A Current Affair: Opportunity knocks: it’s all about attitude
Reporter: Kellie Sloane
15 August 2003
He looks like the kind of guy you’re best to steer clear of — the kind of character you wouldn’t want to influence your children. But Australian entrepreneur Justin Herald is living proof that looks can be deceiving. Today on ACA, the man behind the multi-million dollar Attitude clothing label shares some of the secrets to his success.
Six years ago ACA visited Justin to report on his amazing success selling T-shirts from his garage. He started with just $50 and gradually turned it into $300,000 a year, after being told he had an “attitude problem”.
“Someone told me one day I had to do something with my attitude problem and that was only because I would challenge what they said all the time,” he says. “So I thought, ‘I just want to upset you, so I’ll start a clothing label’. I didn’t expect to be here seven years later, to be honest.”
After ACA caught up with him, the Attitude label really took off. He attracted some big-time business partners and that $50 investment has now become a $15 million turnover. But it wasn’t the money as such that really motivated Justin — it was his love of cars.
“I always had tangible goals,” he explains. “I love cars, so for me I just wanted a nice car and that’s what I focused on.”
Now this non-conventional businessman receives more than 100 e-mails a day from inspired fans. He writes books and is also a popular public speaker. It’s in this forum that he loves telling his story and sharing his insights with others, particularly his number one principle — that the main business tool is opportunity.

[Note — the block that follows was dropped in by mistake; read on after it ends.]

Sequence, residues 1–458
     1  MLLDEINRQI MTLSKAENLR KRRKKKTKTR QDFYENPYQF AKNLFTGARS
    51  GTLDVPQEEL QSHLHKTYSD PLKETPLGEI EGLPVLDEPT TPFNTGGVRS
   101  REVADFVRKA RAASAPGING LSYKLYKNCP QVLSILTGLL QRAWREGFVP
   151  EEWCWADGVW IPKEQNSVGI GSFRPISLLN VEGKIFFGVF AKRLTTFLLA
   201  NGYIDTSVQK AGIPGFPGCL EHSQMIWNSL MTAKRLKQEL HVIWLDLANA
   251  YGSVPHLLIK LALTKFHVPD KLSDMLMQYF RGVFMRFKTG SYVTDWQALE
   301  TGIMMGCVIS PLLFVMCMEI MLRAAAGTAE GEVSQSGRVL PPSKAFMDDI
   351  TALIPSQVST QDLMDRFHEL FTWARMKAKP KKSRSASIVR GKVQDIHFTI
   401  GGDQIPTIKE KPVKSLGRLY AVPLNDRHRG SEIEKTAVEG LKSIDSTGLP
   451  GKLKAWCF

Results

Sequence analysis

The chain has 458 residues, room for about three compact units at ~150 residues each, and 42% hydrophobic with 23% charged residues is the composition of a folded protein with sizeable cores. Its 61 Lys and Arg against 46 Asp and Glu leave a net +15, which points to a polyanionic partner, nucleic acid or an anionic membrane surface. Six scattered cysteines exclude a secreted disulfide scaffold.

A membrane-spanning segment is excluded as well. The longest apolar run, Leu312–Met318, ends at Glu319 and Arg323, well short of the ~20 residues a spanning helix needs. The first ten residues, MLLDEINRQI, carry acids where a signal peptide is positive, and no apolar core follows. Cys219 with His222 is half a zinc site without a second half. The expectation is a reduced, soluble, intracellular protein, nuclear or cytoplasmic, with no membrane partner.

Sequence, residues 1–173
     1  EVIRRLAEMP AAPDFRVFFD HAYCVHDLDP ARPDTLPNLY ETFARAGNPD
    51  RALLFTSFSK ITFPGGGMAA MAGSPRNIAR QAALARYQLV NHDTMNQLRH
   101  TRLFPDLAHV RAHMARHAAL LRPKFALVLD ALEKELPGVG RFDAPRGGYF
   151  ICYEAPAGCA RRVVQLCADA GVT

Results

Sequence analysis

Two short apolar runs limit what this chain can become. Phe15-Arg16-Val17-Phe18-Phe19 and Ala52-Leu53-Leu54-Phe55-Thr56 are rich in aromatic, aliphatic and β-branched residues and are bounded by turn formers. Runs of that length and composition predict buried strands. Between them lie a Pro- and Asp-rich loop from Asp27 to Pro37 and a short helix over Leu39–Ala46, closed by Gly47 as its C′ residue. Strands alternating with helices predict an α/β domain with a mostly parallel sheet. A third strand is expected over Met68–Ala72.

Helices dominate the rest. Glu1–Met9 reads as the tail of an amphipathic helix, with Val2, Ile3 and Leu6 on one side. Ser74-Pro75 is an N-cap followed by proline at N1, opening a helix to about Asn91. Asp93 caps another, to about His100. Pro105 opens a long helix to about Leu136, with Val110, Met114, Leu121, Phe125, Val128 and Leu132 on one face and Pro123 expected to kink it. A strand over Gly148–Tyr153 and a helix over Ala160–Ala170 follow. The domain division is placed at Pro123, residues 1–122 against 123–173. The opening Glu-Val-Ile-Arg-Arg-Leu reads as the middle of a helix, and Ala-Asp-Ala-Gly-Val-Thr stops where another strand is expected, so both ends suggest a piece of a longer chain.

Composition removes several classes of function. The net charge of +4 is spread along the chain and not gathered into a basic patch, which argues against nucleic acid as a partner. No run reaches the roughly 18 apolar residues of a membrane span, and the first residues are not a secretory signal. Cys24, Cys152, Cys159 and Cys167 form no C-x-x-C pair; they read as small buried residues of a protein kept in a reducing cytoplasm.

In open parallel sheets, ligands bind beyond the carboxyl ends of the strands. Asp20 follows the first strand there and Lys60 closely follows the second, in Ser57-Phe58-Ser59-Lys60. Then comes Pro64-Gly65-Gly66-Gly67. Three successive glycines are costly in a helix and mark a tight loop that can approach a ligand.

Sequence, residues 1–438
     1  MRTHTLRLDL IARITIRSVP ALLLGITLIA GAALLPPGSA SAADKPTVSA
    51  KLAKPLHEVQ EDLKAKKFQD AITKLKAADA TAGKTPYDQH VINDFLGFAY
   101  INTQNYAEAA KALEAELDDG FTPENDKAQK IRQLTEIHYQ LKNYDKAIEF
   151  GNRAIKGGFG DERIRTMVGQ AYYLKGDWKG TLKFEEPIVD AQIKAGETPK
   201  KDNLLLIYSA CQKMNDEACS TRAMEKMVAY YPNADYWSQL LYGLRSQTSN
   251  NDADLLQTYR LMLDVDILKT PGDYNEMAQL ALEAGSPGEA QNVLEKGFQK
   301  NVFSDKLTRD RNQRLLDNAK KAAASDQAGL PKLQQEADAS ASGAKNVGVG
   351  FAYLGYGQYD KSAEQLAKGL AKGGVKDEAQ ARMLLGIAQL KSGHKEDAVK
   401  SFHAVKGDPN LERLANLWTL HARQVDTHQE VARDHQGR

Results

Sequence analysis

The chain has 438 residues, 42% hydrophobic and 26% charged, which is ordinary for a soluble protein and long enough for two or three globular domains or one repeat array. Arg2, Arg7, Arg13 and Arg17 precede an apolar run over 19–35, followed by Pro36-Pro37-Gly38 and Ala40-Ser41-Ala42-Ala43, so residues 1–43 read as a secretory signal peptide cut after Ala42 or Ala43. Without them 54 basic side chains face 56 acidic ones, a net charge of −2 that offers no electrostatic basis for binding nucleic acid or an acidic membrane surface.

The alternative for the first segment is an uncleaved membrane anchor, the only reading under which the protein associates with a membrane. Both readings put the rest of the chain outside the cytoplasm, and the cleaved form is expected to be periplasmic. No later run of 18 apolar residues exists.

While some people are critical of Justin’s success, claiming he simply got lucky, opportunities don’t fall into everyone’s lap. So he’s now determined to prove them all wrong.
“[With] my new business, we wanted to prove it wasn’t a one-hit wonder. So I started the first one with $50 and I thought I’ll start another with $60 — inflation,” he says. “And that’s only been going a year-and-a-half and that will better the turnover of Attitude in probably half the time.”
Following his first foray into business, Justin thought his biggest hurdle was figuring out what was happening with his cash flow. So he and a friend set themselves the challenge of building a software package for small businesses to help them keep an eye on the all-important bottom line.
He and his friend Phil have just landed a distribution contract with retail chain Harvey Norman — neither were computer programmers and they refused to borrow a cent.
“I believe everyone can do it,” Justin says. “The biggest problem is you have to be smarter every day.”
Despite his success in business, Justin doesn’t believe you need a degree to be a businessperson. He also reckons you don’t need a business plan. The key, he says, is to work really hard and keep working really hard.
“I believe the biggest mistake is that people want it now. And they don’t want to put all the hard work into it. This you-can-be-a-success-overnight stuff is garbage,” he says. “The biggest lesson I’ve learnt over the past seven years is not how to grow a business, it’s how not to go back to the $50.”
Business aside, Justin’s other motivation is his family and he doesn’t believe you can be a success without making family a priority.
“Life’s a journey and I love my journey and I want to be a better me. It’s more than about me now. I want to help other people achieve success,” he says.